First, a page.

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Research Paper

Improvement of Microbial Fuel Cell Performance by Using Nafion Polyaniline Composite Membranes as a Separator

[+] Author and Article Information
Wan Ramli Wan Daud

e-mail: wramli@gmail.com

Manal Ismail

Fuel Cell Institute,
Department of Chemical and Process Engineering,
Faculty of Engineering and Built Environment,
Universiti Kebangsaan Malaysia,
Selangor, UKM Bangi 43600, Malaysia

Ghasem Najafpour

Biotechnology Research Center,
Faculty of Chemical Engineering,
Babol Noshirvani University of Technology,
Babol, Iran

Javed Alam

King Abdullah Institute for Nanotechnology,
King Saud University,
Alriyadh 2455, Saudi Arabia

1Corresponding author.

Contributed by the Advanced Energy Systems Division of ASME for publication in the JOURNAL OF FUEL CELL SCIENCE AND TECHNOLOGY. Manuscript received August 27, 2012; final manuscript received January 19, 2013; published online July 5, 2013. Editor: Nigel M. Sammes.

J. Fuel Cell Sci. Technol 10(4), 041008 (Jul 05, 2013) (6 pages) Paper No: FC-12-1080; doi: 10.1115/1.4024866 History: Received August 27, 2012; Revised January 19, 2013

The characteristics of four new proton-conducting membranes, Nafion112/polyaniline composite membranes of various compositions, are studied for application as membrane separators in microbial fuel cells. The composite membranes are made by immersing Nafion-112 membranes in a solution containing aniline for different immersion times. The presence of polyaniline and sulfonic functional groups in the composite membranes is confirmed by means of Fourier transform infrared analysis while their surface roughness is determined by using atomic force microscopy prior to microbial fuel cell operation. Biofouling on the membranes' surface is also examined by using a scanning electron microscope after microbial fuel cell operation. The polarization curves and, hence, the power density curves are measured by varying the load's resistance. The power density of the microbial fuel cell with the Nafion/polyaniline composite membranes improves significantly as the amount of polyaniline increases because the interaction between sulfonic groups in the Nafion matrix and polyaniline in the polyaniline domains increases proton conductivity. However, it declines after more polyaniline is added because of less conjugated bonding of polyaniline and sulfonic acid groups for larger polyaniline domains in the Nafion matrix. The voltage overpotential is also smaller as the amount of polyaniline increases. Biofouling also decreases with increasing polyaniline in the Nafion/polyaniline composite membranes because they have smoother surfaces than Nafion membranes. The results show that the maximum power generated by the microbial fuel cells with Nafion112-polyaniline composite membrane is 124.03 mV m−2 with a current density of 454.66 mA m−2, which is approximately more than ninefold higher than that of microbial fuel cells with neat Nafion-112. It can be concluded that the power density of the microbial fuel cell can be increased by modifying the Nafion membrane separators with more conductive polymers that are less susceptible to biofouling to improve its proton conductivity.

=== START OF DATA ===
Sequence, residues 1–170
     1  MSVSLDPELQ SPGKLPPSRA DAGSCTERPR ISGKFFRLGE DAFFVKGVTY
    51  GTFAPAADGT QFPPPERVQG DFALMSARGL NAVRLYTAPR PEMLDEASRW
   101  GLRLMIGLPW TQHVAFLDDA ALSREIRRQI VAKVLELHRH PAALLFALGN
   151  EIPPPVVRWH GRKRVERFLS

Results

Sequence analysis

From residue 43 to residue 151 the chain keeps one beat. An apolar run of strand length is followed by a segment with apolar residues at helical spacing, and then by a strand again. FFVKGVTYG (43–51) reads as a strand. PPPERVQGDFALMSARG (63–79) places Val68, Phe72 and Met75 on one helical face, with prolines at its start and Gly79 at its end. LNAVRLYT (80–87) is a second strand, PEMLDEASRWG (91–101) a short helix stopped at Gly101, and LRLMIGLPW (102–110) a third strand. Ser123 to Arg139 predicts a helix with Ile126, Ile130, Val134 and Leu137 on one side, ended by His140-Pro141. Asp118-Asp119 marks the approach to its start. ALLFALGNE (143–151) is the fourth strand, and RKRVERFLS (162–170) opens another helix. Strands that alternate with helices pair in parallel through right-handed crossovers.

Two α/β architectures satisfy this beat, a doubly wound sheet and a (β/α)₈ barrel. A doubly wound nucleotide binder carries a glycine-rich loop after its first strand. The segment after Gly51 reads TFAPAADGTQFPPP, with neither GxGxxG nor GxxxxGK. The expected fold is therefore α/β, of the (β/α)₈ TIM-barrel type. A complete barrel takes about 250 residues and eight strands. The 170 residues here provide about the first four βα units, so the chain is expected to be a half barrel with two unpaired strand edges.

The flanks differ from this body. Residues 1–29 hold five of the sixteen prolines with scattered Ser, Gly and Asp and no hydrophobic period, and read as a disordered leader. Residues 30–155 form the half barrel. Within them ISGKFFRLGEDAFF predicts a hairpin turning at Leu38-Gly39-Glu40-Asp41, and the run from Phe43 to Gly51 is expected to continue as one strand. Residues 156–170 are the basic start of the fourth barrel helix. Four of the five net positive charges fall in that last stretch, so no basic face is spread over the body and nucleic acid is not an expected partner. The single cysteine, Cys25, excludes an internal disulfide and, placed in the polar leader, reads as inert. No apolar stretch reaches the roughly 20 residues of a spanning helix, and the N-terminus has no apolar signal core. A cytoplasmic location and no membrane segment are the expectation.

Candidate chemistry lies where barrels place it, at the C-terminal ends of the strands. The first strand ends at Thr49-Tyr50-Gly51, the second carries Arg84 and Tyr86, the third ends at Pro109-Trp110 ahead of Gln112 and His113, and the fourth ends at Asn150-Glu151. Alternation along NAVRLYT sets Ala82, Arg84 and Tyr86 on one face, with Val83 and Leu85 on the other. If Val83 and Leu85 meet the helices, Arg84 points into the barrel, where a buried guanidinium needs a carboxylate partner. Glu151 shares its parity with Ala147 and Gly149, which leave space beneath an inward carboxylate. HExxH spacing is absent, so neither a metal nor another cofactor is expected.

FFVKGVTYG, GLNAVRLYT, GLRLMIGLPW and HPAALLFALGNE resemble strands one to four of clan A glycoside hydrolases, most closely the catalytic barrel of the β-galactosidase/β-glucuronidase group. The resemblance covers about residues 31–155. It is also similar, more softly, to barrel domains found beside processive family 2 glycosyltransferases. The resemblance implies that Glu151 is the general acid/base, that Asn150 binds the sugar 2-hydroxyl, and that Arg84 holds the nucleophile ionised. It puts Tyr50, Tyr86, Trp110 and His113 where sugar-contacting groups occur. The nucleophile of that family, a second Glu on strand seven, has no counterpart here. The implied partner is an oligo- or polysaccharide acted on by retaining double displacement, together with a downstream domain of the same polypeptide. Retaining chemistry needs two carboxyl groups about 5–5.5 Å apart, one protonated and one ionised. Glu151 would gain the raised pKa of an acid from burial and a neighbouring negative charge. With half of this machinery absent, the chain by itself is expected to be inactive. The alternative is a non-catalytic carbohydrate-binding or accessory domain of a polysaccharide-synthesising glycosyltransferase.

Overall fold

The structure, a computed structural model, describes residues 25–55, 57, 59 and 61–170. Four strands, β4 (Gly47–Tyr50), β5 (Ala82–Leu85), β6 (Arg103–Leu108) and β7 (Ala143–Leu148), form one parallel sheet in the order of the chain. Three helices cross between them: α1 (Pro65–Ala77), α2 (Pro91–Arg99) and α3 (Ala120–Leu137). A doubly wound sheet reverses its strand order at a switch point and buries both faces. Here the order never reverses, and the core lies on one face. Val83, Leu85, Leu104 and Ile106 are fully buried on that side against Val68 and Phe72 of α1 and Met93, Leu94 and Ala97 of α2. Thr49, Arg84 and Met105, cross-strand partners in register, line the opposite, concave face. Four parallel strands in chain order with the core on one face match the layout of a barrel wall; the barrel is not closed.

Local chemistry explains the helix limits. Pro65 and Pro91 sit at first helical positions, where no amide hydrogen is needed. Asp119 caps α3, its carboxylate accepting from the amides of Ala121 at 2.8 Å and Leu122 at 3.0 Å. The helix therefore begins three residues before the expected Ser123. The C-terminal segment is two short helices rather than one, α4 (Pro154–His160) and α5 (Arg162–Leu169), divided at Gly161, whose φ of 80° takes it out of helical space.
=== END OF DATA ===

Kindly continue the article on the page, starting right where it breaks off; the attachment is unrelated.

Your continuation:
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Figures

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Fig. 3

SEM picture from microorganism's community

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Fig. 4

FTIR analysis of (a) PANI, (b) Nafion112 membrane, and PANI/Nafion112 composite membrane

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Fig. 5

AFM pictures of membranes (a) 3D Nafion 112, (b) 2D Nafion 112, (c) 3D Nafion112/PANI 3, (d) 2D Nafion112/PANI 3

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Fig. 6

Roughness of Nafion112 and composite membranes

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Fig. 7

Power density versus current density plots of various MFC systems with different membrane separators

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Fig. 8

Voltage versus current density of various MFC systems with different membrane separators

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Fig. 2

TEM images of (a) PANI nanoparticles (b) PANI/Nafion composite membrane

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Fig. 1

Schematic of the MFC with auxiliary equipments

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